Martha McSally to Replace John McCain in the Senate Despite Election Loss

On Tuesday, Gov. Doug Ducey (R-Ariz.) announced he had nominated Rep. Martha McSally (R-Ariz.) to fill the Senate seat left open by John McCain's passing this August. McSally narrowly lost the U.S. Senate race this November to Rep. Kyrsten Sinema (D-Ariz.), but Ducey has given her political career a new lease on life.

"I am humbled and grateful to have this opportunity to serve and be a voice for all Arizonans," McSally said in a statement. "I look forward to working with Senator-Elect Kyrsten Sinema and getting to work from day one."

Gov. Ducey hailed McSally for her achievements, noting that she served 26 years in the military, was deployed six times to the Middle East and Afghanistan, was the first woman to fly in combat, and served in Congress.

McSally's nomination comes after an emotionally fraught campaign battle with Sinema. The Republican woman, the first woman to fly in combat, accused Sinema of mocking veterans like her. Sinema had protested the wars in Iraq and Afghanistan while dressing in a pink tutu and distributing flyers that compared U.S. troops to terrorists.

McSally also accused Sinema of treason for suggesting that Americans should go fight with the Taliban — the very terrorist group McSally fought against.

"You said it was okay for Americans to join the Taliban to fight against us," McSally declared in a debate. "I want to ask right now whether you're going to apologize to the veterans and me for saying it's okay to commit treason."

Sinema did not apologize. Instead, she attacked McSally for bringing up the issue. "Martha has chosen to run a campaign like the one you're seeing right now, where she's engaging in ridiculous attacks and smearing my campaign," the Democrat quipped.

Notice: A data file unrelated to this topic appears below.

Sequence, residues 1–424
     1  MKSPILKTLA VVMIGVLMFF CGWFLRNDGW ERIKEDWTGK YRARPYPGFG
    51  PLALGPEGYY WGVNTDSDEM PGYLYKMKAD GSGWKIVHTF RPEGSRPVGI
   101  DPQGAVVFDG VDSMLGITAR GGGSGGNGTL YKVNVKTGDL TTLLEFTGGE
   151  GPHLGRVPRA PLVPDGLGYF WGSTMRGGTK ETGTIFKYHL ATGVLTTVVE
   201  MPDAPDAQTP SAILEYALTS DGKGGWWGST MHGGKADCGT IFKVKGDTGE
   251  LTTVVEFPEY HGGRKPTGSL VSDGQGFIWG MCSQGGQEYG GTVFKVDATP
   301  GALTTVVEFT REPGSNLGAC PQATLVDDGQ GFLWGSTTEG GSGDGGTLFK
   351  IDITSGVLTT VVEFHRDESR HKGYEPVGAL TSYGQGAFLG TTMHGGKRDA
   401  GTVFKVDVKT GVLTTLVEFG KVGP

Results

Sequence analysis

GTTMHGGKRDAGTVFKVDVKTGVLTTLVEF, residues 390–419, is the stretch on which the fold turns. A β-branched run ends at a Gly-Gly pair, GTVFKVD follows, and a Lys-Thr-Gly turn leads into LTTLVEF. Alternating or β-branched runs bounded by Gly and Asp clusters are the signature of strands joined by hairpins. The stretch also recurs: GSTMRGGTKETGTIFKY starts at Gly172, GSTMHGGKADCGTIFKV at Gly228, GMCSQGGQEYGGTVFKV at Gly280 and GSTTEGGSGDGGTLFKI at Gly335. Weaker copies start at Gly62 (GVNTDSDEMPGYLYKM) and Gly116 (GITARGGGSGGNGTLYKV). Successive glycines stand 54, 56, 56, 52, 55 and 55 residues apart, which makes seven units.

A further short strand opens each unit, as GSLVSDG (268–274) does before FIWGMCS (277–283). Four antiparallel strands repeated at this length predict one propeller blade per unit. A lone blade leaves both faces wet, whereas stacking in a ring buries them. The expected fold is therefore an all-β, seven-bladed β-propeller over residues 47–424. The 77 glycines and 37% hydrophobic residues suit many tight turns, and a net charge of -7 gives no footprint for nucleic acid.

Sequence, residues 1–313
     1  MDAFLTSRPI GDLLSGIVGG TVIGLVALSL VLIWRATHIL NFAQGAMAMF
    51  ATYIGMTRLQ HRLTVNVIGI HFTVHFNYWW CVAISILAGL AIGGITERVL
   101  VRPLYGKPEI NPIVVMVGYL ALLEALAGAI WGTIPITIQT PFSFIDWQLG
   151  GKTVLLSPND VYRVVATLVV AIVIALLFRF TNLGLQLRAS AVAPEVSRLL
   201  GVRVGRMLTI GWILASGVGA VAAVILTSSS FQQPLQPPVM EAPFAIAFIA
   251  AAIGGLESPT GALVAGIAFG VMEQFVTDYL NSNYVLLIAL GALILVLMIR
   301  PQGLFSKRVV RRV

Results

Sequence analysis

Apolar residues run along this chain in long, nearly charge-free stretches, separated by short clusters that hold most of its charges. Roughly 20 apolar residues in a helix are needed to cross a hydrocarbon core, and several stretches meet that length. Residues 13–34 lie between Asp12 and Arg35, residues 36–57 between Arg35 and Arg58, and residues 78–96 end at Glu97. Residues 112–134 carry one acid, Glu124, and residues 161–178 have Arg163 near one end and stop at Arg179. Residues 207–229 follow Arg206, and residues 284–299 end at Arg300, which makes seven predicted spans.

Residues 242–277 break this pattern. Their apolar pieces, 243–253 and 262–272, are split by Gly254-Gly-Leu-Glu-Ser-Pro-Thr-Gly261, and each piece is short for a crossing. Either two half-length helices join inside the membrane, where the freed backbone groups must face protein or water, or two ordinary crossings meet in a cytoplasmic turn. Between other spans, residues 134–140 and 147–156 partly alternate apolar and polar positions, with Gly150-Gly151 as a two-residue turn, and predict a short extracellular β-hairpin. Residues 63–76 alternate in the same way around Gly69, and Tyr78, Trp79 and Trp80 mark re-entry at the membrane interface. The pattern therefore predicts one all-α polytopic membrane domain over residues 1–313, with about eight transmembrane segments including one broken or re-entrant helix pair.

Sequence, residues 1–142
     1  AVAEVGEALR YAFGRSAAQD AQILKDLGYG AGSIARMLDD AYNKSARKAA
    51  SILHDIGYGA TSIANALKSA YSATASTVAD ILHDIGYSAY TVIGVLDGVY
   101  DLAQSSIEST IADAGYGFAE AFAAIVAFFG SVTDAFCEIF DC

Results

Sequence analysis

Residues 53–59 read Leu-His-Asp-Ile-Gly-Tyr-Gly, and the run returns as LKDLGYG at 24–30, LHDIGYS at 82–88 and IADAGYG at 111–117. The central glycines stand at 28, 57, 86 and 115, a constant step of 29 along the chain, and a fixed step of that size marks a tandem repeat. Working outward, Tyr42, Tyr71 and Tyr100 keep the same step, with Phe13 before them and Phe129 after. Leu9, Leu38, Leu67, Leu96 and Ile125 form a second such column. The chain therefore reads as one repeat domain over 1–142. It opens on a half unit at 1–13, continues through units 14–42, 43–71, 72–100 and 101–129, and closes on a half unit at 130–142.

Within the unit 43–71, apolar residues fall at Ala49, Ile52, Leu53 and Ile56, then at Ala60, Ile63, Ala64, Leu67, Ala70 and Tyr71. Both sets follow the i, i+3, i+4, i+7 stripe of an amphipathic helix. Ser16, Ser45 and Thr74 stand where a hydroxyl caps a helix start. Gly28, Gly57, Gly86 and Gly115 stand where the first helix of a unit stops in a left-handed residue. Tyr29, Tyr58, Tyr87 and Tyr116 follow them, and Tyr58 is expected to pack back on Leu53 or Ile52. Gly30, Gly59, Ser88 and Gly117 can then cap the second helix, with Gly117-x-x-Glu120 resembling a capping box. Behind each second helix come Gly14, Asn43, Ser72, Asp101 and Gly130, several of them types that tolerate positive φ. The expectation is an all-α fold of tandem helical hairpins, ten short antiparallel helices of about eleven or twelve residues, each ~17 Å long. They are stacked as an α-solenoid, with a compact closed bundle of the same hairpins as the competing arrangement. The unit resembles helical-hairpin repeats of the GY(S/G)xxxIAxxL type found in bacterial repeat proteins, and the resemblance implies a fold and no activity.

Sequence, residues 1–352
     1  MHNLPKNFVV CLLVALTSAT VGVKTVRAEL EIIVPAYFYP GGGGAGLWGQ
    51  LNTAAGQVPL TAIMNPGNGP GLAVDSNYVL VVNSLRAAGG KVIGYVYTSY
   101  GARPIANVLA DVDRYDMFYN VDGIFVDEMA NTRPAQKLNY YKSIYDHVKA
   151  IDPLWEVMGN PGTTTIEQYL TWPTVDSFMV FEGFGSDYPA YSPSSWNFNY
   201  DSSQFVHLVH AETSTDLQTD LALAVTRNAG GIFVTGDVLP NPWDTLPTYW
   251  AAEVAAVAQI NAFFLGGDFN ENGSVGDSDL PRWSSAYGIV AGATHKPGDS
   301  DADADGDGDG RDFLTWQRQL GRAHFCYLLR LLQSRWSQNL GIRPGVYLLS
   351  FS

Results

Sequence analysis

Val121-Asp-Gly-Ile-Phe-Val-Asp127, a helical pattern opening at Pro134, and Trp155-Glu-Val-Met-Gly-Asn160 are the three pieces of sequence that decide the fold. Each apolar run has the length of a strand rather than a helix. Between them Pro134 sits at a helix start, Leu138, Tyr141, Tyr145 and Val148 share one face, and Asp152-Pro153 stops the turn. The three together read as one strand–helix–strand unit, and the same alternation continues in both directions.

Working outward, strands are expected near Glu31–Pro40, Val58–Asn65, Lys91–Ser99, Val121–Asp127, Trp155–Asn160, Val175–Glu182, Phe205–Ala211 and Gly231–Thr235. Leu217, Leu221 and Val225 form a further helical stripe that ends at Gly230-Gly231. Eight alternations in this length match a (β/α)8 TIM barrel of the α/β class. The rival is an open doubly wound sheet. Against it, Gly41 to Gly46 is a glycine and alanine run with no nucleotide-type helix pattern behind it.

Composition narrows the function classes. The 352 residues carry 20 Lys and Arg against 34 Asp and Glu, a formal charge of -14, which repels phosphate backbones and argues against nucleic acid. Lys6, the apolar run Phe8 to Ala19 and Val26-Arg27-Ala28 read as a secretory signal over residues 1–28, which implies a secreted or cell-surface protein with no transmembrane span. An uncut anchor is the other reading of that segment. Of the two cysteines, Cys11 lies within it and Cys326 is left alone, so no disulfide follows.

Among other things, Sinema also mocked Arizona as the "crazy state" and the "meth lab of Democracy."

Even so, Sinema defeated McSally in November, 50 percent to 47.6 percent. Republican Governor Doug Ducey, however, trounced his Democratic challenger, David Garcia, 56 percent to 41.8 percent.

While McSally will enter the U.S. Senate, she will have to campaign early, since she faces a special election in two years. If she loses, Republicans will be angry at Ducey for doubling down on a losing candidate.

In January, Arizona will be one of the few states to have two women in the Senate.

Even so, Ducey's decision might anger "McCain Republicans," who disliked the first female combat pilot because she spurned McCain as he battled cancer during the 2018 election, the Arizona Republic reported. The congresswoman refused to mention McCain's name during President Trump's signing of the John S. McCain National Defense Authorization Act.

McSally met with McCain's widow Cindy last Friday and apologized for this slight. The widow expressed her appreciation for the apology after the 30-minute meeting.

Follow the author of this article on Twitter at @Tyler2ONeil.